Thursday, 27 October 2016

Trouble in Baluchistan is Real Trouble

Scanning the news on return from a nil-by-wifi holiday, I read of dreadful deeds in Quetta, capital of Baluchistan.  Which awakens some 30-year old memories.

Back in the '80s I did some soldiering in Oman, a country with which we have very longstanding relations going back to when that part of the Arabian coast needed patrolling against Sinbad-the-sailor pirates making raids on our India-bound shipping routes.  The Omani army was run quite efficiently thirty years ago (and probably still today) mostly by British NCOs and Pakistani staff officers, and was a smart little affair.  I strongly imagined my father would have recognised it from his Indian Army days a generation before.  One day I will root out the photos and do a post on it.

Anyway, the average Omani soldier (native) was a pleasant chap, touchingly loyal to the Sultan and probably brave enough.  But there wasn't much of what we might think of as a serious martial tradition.  

Nonetheless, there was sporadic fighting to be done.  The relatively heavy stuff of the '50s (Jebel campaign)  and '70s (Dhofar) was over but there was a simmering border conflict with Yemen in the south west, not finally settled until 1992.  And this pleasant average Omani was not really the chap to creep up on an enemy observation post and make with the cold steel.

So they employed two battalions of Baluchis, in much the same way the British army has long retained the services of the Gurkhas.  And, much like a Gurkha, your taciturn Baluch tribesman is exactly the sort of chap for creeping around the hillsides with the cold steel at the ready.  In fact, they were some of the best soldiers I have encountered.

If Pakistan has troubles with Baluchistan, I'd guess they could be very problematic indeed.


Wednesday, 26 October 2016

Goldman Sachs is scaling back - in New York

Remaoner scaremongering is becoming a thing of legend. Endless stories of horror, few or indeed, any, yet to come true.

The classic one led by the odious British Bankers Association is that all banks are preparing to leave London before Xmas.

The thing is, every single company in the UK, EU and US is using Brexit as a perfect event excuse. Cut salaries - Brexit
Cut costs by firing staff - Brexit
Ripping off Customers - desperation, caused by Brexit.

It is the universal excuse and will remain so until 2020 at least.

Just for balance, here is an article about how Goldman Sachs, said to be considering 2000 jobs in London and whether to 're-locate', is anyway firing 500 odd people in New York. No doubt because of Brexit.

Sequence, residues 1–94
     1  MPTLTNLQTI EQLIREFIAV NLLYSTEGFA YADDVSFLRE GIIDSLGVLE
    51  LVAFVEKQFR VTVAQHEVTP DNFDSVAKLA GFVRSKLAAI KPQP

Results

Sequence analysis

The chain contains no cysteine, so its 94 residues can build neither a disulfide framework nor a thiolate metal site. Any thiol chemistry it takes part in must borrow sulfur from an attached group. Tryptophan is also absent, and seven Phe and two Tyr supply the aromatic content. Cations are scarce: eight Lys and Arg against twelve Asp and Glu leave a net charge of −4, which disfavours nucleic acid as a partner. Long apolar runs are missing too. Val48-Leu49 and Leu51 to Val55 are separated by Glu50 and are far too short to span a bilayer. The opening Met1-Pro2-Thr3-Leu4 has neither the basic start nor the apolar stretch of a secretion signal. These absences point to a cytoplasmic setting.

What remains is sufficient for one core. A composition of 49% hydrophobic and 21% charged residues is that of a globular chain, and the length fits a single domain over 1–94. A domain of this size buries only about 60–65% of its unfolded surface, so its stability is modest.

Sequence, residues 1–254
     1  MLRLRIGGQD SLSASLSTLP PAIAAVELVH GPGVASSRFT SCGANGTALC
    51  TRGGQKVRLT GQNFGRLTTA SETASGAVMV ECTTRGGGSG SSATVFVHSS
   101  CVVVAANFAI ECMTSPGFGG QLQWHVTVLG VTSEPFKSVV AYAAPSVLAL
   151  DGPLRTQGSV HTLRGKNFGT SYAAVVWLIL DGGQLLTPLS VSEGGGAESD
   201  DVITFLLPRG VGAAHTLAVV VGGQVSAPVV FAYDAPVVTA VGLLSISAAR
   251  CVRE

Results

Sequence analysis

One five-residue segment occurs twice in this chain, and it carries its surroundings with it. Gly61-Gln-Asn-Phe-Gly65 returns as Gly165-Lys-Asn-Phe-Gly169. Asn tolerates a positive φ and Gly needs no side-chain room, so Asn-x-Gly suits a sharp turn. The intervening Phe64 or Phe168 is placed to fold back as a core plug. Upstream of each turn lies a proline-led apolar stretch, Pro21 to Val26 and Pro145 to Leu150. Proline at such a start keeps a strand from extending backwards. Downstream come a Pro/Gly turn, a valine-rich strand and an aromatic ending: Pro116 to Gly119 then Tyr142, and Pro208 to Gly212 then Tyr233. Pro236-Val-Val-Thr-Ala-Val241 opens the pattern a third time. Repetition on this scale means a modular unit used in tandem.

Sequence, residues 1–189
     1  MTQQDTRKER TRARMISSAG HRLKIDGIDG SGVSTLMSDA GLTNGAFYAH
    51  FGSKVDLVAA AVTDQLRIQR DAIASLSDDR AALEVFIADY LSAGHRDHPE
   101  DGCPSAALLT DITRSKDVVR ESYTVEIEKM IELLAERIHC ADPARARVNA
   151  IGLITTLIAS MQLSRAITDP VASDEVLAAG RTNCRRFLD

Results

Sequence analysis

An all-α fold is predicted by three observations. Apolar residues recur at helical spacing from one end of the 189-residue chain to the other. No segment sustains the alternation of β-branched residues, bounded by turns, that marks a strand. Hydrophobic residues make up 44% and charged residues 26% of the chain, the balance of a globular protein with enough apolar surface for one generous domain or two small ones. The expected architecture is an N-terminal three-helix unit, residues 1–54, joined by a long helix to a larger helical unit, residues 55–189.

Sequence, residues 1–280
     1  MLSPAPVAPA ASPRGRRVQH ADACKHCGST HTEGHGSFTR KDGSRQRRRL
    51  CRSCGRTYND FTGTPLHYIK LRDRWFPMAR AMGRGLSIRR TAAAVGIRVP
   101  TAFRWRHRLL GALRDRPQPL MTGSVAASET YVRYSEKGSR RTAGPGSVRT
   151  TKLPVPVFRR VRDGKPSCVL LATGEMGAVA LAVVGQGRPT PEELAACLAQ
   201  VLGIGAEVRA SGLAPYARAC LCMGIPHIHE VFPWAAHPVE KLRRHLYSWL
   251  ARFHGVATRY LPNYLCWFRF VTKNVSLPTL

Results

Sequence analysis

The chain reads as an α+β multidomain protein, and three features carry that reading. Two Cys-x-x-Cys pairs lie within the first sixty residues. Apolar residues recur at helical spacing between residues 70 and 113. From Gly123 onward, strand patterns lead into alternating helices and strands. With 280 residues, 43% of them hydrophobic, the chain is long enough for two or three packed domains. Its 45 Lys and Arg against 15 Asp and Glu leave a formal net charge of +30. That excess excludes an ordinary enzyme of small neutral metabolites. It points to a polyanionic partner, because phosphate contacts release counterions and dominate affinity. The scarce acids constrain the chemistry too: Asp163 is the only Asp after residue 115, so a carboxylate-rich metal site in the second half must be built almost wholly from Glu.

Unfortunately, you can never prove a counter-factual. Goldmans is getting rid of people because its business is changing and the environment is changing. Whether Brexit related or not, the answer will always be Brexit because it suits all management to blame someone or something else other than themselves.

The wider point is that Banking is changing massively, really massively, the internet is fast disintermediating humans from the process of banking and the likes of Blockchain are only going to accelerate this trend. The big bank model is likely on the wane and there will be a big shift in moving to FinTech companies and a more diverse supplier base of services. It is just that as this happens, every job loss will be blamed on Brexit when actually something more interesting, more dynamic, yes...more capitalistic, is occurring. Which will also be more fun to write about than fact-checking remoaner lies.

Tuesday, 25 October 2016

It's Heathrow, but not Gatwick

So it has finally happened, a new runway maybe eventually get built at Heathrow after 7 years of dithering by various Governments. I can't say May is hesitant as Prime Minister.

Clearly, the UK needs more airport capacity in the South East, but why restrict it to Heathrow is beyond my ken. It is a very statist decision and there was a much more market based route of allowing competition that could have been taken. I guess this way the impact is felt now and in limited constituencies.

On the other hand, UK Gilt 10 Years bonds, although at near record lows thanks to QE, have gained 38 basis points in a month. Still they sit 35 points down on one year, but they are creeping up. Just as the Government decides on a nice big fat investment splurge for the future. the irony being we are doing this at the end of the low interest cycle when even Ed Balls was saying do it at the beginning of the cycle.

Still, 3 elections away before any of these issues (or indeed, projects) come home to roost.